The Andrew Saul confirmation hearing has ended. There was no obvious opposition nor even any difficult questions. Saul promised to stay out of issues like privatizing Social Security. He couldn't be confirmed otherwise. Saul tried to downplay his association with the Manhattan Institute that has called for privatizing Social Security.
One thing that concerns me is that Saul seemed to believe that his management abilities might improve backlogs at Social Security. It's understandable that he might think that. Usually, new Social Security Commissioners think the same thing. However, those backlogs, can't be managed away. They're caused by lack of operating budget. Believing that backlogs can be managed away got previous Commissioners in trouble. They came up with schemes that they thought would work wonders but which only made the problems worse. I may have to dig up some old posts describing what happened before but I think those who have been around a while know implicitly that the backlogs can't be managed away.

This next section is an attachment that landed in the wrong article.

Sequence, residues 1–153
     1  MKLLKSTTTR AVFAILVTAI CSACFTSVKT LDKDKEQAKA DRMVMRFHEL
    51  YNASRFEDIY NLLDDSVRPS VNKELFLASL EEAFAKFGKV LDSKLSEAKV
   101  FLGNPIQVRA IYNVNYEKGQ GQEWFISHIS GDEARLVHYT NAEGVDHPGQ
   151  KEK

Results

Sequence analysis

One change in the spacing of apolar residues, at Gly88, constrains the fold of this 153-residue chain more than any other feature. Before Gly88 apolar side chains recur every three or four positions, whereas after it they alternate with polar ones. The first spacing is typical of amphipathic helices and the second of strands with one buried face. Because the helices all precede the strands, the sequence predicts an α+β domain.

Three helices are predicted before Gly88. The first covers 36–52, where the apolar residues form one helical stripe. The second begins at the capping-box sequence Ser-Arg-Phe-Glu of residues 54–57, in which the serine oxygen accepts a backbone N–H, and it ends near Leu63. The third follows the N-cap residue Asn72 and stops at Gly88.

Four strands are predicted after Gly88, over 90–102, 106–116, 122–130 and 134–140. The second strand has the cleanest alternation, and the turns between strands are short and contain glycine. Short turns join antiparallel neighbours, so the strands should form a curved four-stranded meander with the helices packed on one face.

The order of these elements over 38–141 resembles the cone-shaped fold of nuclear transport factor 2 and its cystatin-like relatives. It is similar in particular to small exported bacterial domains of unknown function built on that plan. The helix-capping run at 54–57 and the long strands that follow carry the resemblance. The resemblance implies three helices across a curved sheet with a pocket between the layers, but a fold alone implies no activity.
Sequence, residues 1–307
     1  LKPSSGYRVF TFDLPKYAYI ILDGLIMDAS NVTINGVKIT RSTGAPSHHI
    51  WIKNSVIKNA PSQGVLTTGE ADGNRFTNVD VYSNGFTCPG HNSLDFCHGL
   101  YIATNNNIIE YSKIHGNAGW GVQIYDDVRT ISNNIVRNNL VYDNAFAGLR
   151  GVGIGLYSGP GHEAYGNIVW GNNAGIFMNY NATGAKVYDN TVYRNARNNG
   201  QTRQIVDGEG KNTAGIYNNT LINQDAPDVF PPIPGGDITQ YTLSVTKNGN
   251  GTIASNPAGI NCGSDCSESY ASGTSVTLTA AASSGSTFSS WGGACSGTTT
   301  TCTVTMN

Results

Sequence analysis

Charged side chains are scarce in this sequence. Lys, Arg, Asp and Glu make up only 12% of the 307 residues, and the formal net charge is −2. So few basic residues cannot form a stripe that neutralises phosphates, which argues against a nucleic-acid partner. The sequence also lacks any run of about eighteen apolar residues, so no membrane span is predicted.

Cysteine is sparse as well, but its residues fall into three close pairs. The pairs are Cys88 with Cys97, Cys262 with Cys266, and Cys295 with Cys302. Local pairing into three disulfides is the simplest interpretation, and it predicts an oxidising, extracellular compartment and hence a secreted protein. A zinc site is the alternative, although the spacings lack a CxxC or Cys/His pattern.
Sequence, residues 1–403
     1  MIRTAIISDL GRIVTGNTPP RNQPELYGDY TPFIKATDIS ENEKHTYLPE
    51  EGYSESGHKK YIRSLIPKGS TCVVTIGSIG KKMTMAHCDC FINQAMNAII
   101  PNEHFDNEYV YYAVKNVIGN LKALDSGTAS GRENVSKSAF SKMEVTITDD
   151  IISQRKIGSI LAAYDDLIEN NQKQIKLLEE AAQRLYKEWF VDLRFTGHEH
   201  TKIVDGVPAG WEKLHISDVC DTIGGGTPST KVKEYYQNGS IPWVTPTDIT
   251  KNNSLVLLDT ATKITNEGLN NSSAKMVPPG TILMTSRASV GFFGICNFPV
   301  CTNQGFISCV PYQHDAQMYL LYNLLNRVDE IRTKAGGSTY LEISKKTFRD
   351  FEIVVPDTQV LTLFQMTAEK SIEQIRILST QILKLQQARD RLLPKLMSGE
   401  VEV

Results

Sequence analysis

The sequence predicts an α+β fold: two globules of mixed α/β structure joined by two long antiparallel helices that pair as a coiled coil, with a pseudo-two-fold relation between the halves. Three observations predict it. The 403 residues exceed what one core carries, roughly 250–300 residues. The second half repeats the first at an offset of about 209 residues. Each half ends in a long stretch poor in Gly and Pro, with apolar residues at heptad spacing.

In his opening remarks, the chairman of the Committee, Senator Hatch spoke about why only the nomination for the term ending January 19, 2019 was being considered. He said it was to avoid setting a precedent about confirming someone for a term that only begins in another Congress. The ranking member, Senator Wyden, however, promised that the Saul nomination for a full term would be taken up in the next Congress. I have no idea why he would make such a promise. I hope he got something in return. However, if Wyden is Chairman of the Committee next year, the nomination could still be derailed in other ways. At least I hope it would be. I don't see why Democrats would want Saul in that position until January 2025.